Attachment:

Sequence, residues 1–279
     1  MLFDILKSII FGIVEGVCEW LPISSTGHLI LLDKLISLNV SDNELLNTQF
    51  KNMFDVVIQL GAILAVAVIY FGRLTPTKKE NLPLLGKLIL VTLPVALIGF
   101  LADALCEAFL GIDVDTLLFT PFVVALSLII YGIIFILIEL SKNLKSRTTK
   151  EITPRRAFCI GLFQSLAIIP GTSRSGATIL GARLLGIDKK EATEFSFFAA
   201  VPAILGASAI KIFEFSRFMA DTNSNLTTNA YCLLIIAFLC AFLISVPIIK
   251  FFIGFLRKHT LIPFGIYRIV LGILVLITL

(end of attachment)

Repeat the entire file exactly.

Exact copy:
Sequence, residues 1–279
     1  MLFDILKSII FGIVEGVCEW LPISSTGHLI LLDKLISLNV SDNELLNTQF
    51  KNMFDVVIQL GAILAVAVIY FGRLTPTKKE NLPLLGKLIL VTLPVALIGF
   101  LADALCEAFL GIDVDTLLFT PFVVALSLII YGIIFILIEL SKNLKSRTTK
   151  EITPRRAFCI GLFQSLAIIP GTSRSGATIL GARLLGIDKK EATEFSFFAA
   201  VPAILGASAI KIFEFSRFMA DTNSNLTTNA YCLLIIAFLC AFLISVPIIK
   251  FFIGFLRKHT LIPFGIYRIV LGILVLITL